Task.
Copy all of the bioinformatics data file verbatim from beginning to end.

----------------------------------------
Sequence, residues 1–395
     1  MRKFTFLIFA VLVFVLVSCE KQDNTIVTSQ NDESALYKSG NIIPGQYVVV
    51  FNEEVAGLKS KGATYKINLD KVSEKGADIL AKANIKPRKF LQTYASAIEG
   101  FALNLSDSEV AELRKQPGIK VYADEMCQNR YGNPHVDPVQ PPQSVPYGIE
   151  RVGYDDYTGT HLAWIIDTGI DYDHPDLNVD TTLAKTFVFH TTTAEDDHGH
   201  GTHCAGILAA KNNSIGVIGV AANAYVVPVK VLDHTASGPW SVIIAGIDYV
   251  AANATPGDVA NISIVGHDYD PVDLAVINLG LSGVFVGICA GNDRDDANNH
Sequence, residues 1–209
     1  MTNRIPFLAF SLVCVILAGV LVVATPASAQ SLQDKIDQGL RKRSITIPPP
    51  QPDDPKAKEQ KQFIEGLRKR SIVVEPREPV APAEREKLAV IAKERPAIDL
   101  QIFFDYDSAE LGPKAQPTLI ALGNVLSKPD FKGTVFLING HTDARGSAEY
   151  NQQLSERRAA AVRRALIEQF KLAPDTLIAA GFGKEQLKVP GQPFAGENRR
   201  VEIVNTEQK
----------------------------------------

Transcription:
Sequence, residues 1–395
     1  MRKFTFLIFA VLVFVLVSCE KQDNTIVTSQ NDESALYKSG NIIPGQYVVV
    51  FNEEVAGLKS KGATYKINLD KVSEKGADIL AKANIKPRKF LQTYASAIEG
   101  FALNLSDSEV AELRKQPGIK VYADEMCQNR YGNPHVDPVQ PPQSVPYGIE
   151  RVGYDDYTGT HLAWIIDTGI DYDHPDLNVD TTLAKTFVFH TTTAEDDHGH
   201  GTHCAGILAA KNNSIGVIGV AANAYVVPVK VLDHTASGPW SVIIAGIDYV
   251  AANATPGDVA NISIVGHDYD PVDLAVINLG LSGVFVGICA GNDRDDANNH
Sequence, residues 1–209
     1  MTNRIPFLAF SLVCVILAGV LVVATPASAQ SLQDKIDQGL RKRSITIPPP
    51  QPDDPKAKEQ KQFIEGLRKR SIVVEPREPV APAEREKLAV IAKERPAIDL
   101  QIFFDYDSAE LGPKAQPTLI ALGNVLSKPD FKGTVFLING HTDARGSAEY
   151  NQQLSERRAA AVRRALIEQF KLAPDTLIAA GFGKEQLKVP GQPFAGENRR
   201  VEIVNTEQK